Emma McKee isn’t your typical Chicago hip-hop fan. Her West Town apartment could double as a museum: autographed posters from her favorite shows hang on the wall, along with Chance the Rapper’s Billboard covers, artist collectible items, and a living room corner dedicated to stitching with thread and works in progress.
But she’s not just a fan. The Stitch Gawd is the nation’s very first hip-hop cross stitch artist. She personally stitches items for her (and your) favorite musicians and cultural tastemakers, including Chance the Rapper, Saba, Smino, SZA, Lil Yachty, Kendrick Lamar, the list goes on…
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I’m so blessed to be in Chicago when so many other people are doing cool sh*t. Shout out queen of film @katerjayne for surprising me w these shots this week. Ps my smile about hugging @sza 😂 pps. @bjthechicagokid don’t worry haven’t forgotten you 💝💝it’s commmmin 😍 #stitchgawd #sza #bjthechicagokid #chicago #ganggang
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What do y’all think- he looks good right?! Shout out @lilyachty ❤️ Shout out @redbull & @djoreo for the alley oop. Shout out all y’all for cheering me on and shout out my business manager for holding this very heavy all leather jacket for 3 hours at this show. #lilyachty #30daysinchicago #stitchgawd #custommade
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Dry clean only derrty – clearly I’m the happiest girl on earth 🤗 i can’t wait to see @smino in dis fit shout out team for making it work @vic_birr @jajabish @j.create @paigepohlad 📸 @actuallyondirt #stitchgawd #custommade #oneofone #leatherwork #swanita #zerofatigue #handmade #derrtyderrty #30daysinchicago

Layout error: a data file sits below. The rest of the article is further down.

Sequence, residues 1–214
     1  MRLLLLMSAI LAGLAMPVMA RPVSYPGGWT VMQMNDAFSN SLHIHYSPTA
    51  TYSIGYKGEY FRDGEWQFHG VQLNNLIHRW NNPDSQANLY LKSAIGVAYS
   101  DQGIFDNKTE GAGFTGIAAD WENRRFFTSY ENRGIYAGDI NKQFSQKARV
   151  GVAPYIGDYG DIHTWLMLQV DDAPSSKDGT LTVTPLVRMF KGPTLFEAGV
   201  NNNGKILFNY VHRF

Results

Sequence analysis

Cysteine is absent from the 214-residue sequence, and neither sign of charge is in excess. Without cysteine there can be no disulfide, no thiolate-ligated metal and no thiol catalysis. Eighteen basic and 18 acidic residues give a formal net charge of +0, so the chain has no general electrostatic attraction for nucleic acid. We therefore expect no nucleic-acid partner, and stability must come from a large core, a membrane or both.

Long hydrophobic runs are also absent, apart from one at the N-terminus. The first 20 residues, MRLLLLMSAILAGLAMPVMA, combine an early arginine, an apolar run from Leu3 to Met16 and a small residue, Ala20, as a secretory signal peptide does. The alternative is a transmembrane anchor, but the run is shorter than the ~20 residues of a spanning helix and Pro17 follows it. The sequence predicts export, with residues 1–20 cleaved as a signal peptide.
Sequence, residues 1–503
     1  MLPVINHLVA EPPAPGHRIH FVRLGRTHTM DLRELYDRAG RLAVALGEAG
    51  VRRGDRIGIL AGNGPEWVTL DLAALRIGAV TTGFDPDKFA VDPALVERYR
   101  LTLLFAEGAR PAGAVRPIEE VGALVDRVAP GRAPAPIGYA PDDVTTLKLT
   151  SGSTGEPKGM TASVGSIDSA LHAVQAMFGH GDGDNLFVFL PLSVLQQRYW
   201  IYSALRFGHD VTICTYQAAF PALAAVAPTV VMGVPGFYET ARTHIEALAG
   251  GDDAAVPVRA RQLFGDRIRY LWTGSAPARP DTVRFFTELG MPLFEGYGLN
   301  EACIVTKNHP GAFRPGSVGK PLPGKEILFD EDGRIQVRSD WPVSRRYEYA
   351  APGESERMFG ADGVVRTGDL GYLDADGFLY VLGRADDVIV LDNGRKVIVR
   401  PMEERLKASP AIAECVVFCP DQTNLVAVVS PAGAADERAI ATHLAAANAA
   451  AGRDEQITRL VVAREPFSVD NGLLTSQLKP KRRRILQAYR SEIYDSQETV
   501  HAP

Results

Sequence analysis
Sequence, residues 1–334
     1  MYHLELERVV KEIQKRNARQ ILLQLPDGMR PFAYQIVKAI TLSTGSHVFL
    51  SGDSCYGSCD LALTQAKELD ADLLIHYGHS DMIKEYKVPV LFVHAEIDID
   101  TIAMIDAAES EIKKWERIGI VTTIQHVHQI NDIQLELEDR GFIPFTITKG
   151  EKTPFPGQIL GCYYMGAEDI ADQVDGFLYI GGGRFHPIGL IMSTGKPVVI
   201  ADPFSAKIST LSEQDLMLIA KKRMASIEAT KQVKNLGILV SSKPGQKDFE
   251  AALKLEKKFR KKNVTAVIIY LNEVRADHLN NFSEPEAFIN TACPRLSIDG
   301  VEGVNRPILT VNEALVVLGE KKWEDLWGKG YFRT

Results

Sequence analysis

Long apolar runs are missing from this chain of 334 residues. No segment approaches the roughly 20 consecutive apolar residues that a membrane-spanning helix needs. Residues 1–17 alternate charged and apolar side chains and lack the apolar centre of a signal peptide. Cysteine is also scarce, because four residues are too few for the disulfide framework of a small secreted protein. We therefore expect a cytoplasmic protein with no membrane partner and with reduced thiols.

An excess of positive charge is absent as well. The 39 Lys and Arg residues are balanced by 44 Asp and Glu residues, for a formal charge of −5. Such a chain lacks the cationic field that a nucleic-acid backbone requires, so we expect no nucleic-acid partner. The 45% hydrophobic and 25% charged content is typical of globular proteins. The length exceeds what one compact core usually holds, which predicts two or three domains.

Emma has previously been highlighted in some of hip-hop’s biggest publications. Not just because she creates bomb ass jackets with cross-stitching (and did so before the Gucci trend), but also because of her barter-only system. Each item that she stitches is made only because she really wants to. They’re created in celebration of the true connections she fosters with individual artists and creatives throughout the city.
Ironically, she has met every artist she’s created for through pure chance encounters around the city, starting with Chance the Rapper who she met years ago through a mutual friend, Kevin Coval, during an open mic performance. They later reconnected when she tagged him in a post on Twitter. She has just finished working on a piece for Kendrick Lamar, who will receive his jacket from label-mate and friend SZA. It’s all about who you know.
I was immediately drawn to Emma for her humility. She absolutely recognizes her talent, but she also acknowledges the luck, or as she puts it karma, that’s driven each of these encounters. Because of this, she’s embedded in Chicago culture – while born in Kansas City and raised in St. Louis, she’s got Chicago’s four stars tattooed behind her left ear. Emma recognizes Chicago’s role in her success as a hip-hop cross stitch artist (the title itself still blows my mind…) and she aims to continue to highlight the beauty of Chicago in her work going forward.